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Back to basics: soil as a tool to fight climate change

Karen Hernández Enríquez

IT Trainee at Latam Bridge


Planet Earth, home to a growing number of Homo sapiens, and a whole lot of other creatures. It’s a great place to live, but when it comes to the future of our small planet …  There’s so much bad news about it, it’s overwhelming. The fear that we’re headed towards a cliff puts most of us under a state of paralysis. Truth is, I’ve given up and the odds are, so have you. But what if, there was another path? In fact, the solution is right under our feet, and it’s as old as dirt. We called it soil, earth, or ground (Kiss the Ground, 2020).

Throughout the years, environmental activists have been fighting for the Earth in hopes of avoiding the next mass extinction and the growing threat of climate change. People all around the world are fighting to save our soil, hoping that it will save us. Thanks to its sheer magnitude and its ability to capture huge volumes of greenhouse gases, it could be the only thing that stabilizes our climate, restores our sources of freshwater, and feeds the world.

Most producers don’t really know how the soil works, leading up to an ecological problem. Due to modern agriculture not being designed for the betterment of soil, extensive plowing results in its erosion and in it becoming dirt. Another intrusive practice in modern agriculture is tilling. Due to the genetic mutations done to specific genes in crops like corn, wheat, rice, and soybeans, among others, certain characteristics of said crops are lost and the soil loses precious minerals, leading to weaker soil and to the use of chemical sprays. As consequence, our most common crops are genetically altered to resist the spraying of toxic pesticides and since its rise in popularity in the 1970s, this has led to the loss of one-third of the Earth’s topsoil. Topsoil is where the highest concentration of organic matter and microorganisms can be found and is where most of the Earth’s biological soil activity occurs. Thus, spraying the soil with toxic chemicals kills the very microbes we need to pull the carbon from the atmosphere.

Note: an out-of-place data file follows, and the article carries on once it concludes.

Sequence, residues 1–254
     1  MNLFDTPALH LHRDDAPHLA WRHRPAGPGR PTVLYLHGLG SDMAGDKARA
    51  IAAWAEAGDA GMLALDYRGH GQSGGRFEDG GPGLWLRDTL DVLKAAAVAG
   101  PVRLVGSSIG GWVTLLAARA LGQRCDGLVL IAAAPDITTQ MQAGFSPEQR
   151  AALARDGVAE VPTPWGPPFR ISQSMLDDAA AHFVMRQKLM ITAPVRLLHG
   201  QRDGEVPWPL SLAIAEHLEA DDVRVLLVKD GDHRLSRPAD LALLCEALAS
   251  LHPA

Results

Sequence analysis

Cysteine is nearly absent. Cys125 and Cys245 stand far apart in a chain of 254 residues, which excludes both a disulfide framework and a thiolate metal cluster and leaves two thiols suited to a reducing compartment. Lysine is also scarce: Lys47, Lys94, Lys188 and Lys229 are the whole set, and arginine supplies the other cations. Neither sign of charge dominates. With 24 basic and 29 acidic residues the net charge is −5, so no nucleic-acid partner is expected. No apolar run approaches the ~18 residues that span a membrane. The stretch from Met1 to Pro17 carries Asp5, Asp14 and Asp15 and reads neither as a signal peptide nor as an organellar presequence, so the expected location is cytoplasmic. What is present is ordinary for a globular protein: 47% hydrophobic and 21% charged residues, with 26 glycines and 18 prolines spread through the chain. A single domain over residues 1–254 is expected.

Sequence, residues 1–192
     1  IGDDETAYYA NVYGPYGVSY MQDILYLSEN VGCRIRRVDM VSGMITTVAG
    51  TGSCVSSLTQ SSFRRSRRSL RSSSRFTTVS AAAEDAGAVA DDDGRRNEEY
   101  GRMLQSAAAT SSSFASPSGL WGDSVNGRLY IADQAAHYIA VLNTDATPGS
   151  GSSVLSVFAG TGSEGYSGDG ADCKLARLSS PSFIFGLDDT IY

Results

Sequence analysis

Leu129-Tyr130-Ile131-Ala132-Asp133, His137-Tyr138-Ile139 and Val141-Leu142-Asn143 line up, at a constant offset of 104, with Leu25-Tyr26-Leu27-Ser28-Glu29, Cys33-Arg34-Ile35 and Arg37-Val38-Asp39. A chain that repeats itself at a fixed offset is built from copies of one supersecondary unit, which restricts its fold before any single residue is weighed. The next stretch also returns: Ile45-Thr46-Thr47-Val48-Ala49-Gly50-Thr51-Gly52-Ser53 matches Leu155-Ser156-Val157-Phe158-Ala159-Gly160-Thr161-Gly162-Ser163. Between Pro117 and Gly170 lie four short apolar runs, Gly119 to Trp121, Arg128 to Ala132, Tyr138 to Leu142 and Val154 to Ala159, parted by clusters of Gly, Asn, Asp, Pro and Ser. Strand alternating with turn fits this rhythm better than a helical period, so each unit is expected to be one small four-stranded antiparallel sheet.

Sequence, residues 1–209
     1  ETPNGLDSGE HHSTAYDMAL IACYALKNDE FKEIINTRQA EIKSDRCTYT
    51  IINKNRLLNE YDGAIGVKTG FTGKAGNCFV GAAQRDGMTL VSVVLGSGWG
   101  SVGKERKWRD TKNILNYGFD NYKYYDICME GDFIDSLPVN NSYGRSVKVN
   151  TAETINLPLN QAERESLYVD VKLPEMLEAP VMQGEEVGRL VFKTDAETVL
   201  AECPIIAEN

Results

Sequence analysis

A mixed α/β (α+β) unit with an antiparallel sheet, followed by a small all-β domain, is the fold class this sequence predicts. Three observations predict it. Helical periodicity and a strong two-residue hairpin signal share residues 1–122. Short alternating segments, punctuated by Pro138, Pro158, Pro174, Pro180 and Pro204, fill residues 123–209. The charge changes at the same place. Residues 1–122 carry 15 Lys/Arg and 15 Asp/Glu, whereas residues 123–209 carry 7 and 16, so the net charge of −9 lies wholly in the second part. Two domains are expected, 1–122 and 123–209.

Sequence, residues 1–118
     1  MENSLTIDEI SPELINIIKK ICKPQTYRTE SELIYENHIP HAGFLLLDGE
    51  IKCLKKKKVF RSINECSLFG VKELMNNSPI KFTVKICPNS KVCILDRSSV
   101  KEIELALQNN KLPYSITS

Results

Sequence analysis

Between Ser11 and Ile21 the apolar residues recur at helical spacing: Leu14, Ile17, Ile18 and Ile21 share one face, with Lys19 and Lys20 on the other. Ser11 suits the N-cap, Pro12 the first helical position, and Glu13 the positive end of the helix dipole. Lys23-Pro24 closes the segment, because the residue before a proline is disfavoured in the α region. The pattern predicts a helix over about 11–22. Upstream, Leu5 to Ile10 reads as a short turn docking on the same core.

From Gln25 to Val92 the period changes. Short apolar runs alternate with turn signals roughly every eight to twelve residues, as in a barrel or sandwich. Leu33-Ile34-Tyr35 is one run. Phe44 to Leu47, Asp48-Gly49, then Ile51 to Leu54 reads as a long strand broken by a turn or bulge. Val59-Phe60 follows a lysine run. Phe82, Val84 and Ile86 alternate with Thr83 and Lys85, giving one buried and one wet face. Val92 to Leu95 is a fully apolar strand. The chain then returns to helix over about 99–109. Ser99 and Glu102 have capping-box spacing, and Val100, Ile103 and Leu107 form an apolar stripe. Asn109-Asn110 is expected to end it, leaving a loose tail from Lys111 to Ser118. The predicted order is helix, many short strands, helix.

The fate of carbon and water is tied to soil organic matter. Healthy soil absorbs water and carbon dioxide, but when soil dries out, it instead releases water and carbon dioxide, drying out the soil and turning it into dust. The process of land turning into desert is known as desertification, and is a pressing threat to our life style and other animal species with two-thirds of the world undergoing this process. By 2050, it’s estimated that one billion people will be refugees because of soil desertification and its negative effects on subsistence agriculture.

Despite the complexity of the problem, soil itself is part of the solution to these dynamics of ever-growing climate change. It has the unique ability to sequester carbon dioxide out of the atmosphere thanks to carbon being the driving engine of the system and the basis for all lifeforms on Earth. Carbon itself is not our enemy. Plants use sunlight as energy, pulling carbon dioxide from the atmosphere and turning it into carbon fuel that allows them to grow. About 40% of that carbon fuel is sent down to their roots leaking it to soil microorganisms. In other words, plants are feeding soil microorganisms carbon and the microorganisms are giving plants mineral nutrients, in that process creating a carbon glue that then constructs a pocket habitat in the soil to control the flow of air and water and finally fixing carbon within the soil.

According to the UN, the worlds remaining topsoil will be gone in the next 60 years. Actions need to be taken and due to the urgent nature of finding a solution for desertification, Tickell and other members of Kiss the Ground propose drawdown as a solution. Project Drawdown defines the concept as the point in the future when levels of greenhouse gases in the atmosphere stop climbing and start to steadily decline, thereby stopping catastrophic climate change. However, this reversal cannot be achieved without using plants, trees, perennials and grazing and farming techniques to capture carbon and store it within the soil and retain it for decades if not centuries. This may be quite simple, but it needs to be done on a global scale. Were we to start a year-to-year reduction in carbon in the upper atmosphere, the begging of cooling could possibly start within 20 years.

In conclusion, while there is a long road ahead, change is possible if the discussion continues, allowing for many different perspectives to come together to take care of our soil. Knowing how the soil works and good practices for growing crops is key for the future of the Earth. Practices like regeneration or permaculture will help in the drawdown, but individual practices and activities like collecting food scraps and creating compost are some examples of how we could possibly implement new and better practices to help keep our soil.